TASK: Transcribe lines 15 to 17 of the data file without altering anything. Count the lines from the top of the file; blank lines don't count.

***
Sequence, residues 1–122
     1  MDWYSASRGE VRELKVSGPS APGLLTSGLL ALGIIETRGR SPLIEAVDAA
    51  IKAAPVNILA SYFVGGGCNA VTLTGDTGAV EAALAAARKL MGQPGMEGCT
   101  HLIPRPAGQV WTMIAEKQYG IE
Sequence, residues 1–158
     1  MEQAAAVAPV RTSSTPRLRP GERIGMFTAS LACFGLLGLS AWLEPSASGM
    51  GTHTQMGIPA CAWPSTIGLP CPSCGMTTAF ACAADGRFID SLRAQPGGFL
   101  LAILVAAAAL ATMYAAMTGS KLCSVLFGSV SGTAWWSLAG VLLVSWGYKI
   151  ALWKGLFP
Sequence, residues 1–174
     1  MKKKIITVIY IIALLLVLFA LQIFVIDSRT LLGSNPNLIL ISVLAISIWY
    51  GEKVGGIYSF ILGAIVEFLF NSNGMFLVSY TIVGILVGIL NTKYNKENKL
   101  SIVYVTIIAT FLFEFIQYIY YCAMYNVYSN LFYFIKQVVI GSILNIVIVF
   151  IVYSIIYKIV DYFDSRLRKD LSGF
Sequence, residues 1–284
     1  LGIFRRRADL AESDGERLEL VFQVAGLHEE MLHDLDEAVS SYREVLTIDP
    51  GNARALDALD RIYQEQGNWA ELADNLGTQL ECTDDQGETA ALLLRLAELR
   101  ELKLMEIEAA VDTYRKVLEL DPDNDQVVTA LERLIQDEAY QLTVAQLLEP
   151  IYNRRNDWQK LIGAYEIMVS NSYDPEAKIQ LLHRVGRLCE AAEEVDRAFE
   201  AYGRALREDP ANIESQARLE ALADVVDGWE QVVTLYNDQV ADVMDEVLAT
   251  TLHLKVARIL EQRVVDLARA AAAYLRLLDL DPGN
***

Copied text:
Sequence, residues 1–284
     1  LGIFRRRADL AESDGERLEL VFQVAGLHEE MLHDLDEAVS SYREVLTIDP
    51  GNARALDALD RIYQEQGNWA ELADNLGTQL ECTDDQGETA ALLLRLAELR